Strong-willed leaders keep pushing and make the problems worse by disempowering people. Like every leader, she just wanted people to own their work. But she had to ask herself, What if my presence is preventing them from owning their work? No matter how you cajole or demand innovation and ownership, your leadership style is preventing the outcomes you desire far more than we like to admit to ourselves.
We helped her dial that back, which is really scary for leaders. The personal journey of leadership is to leave space for others to own their work and hold them accountable for the result. So much of what I see going wrong with managers is an aversion to holding others accountable because they may have to have a tough conversation or even let people go for failing to perform. Cultures suffer when leaders keep doubling-down on strengths and avoid this shift into a new mode of leadership.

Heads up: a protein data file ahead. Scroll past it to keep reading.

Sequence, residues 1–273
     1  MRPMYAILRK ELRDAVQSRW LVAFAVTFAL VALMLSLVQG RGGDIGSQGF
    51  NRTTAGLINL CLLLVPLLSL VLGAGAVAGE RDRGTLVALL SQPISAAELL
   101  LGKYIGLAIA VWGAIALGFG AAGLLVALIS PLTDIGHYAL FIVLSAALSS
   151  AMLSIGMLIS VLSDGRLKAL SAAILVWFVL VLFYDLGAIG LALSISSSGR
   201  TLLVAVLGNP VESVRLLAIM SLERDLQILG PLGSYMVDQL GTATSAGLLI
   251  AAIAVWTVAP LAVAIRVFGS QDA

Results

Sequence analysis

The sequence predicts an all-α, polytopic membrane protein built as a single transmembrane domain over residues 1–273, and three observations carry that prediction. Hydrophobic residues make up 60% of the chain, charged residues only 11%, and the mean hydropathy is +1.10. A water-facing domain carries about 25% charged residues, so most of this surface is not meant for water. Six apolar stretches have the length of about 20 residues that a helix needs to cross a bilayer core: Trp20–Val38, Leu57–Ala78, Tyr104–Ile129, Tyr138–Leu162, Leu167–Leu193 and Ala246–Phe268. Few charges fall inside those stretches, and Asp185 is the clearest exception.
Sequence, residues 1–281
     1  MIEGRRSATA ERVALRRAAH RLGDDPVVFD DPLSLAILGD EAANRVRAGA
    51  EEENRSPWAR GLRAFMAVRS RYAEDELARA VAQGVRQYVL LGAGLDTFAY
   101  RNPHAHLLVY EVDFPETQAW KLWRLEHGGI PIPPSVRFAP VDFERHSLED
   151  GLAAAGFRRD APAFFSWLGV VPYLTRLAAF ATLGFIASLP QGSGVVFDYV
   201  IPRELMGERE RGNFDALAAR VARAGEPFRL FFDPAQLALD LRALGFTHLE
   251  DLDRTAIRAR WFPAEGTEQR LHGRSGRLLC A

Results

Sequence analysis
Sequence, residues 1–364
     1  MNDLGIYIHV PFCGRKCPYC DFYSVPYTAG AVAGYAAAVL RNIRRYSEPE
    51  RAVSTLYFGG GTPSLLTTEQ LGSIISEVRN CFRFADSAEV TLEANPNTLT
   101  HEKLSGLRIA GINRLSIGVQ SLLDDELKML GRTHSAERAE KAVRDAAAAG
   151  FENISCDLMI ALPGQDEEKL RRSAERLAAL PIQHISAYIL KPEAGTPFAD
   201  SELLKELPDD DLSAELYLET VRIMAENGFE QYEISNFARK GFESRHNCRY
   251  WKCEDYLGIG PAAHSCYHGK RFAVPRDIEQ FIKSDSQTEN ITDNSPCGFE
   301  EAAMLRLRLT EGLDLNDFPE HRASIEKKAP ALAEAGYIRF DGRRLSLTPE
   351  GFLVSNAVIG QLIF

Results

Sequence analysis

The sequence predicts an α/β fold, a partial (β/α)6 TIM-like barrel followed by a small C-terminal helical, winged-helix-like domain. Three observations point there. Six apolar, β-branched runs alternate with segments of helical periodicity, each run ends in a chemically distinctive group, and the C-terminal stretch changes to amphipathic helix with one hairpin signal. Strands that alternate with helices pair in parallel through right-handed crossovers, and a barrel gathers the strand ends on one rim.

At Refound we compare the two leadership styles. Superman never debriefs a catastrophe afterwards to prevent a repeat occurrence. That would go against the superhero myth of swooping in to save the day, waving and smiling, and flying off to save the next person. Superman is a dysfunctional leader because he never teaches anyone to do things for themselves. He doesn’t know how to elicit growth. It’s all about him and his self-image of being the savior.
Yoda is the opposite. He doesn’t give a damn about his image, he wants to help Luke grow into who Luke thinks he can personally become. But the student has to figure that out for himself, prompted by the master asking questions. Yoda is not afraid for Luke to fall on his face in the swamp and get frustrated. He guides Luke to healing himself of his own arrogance.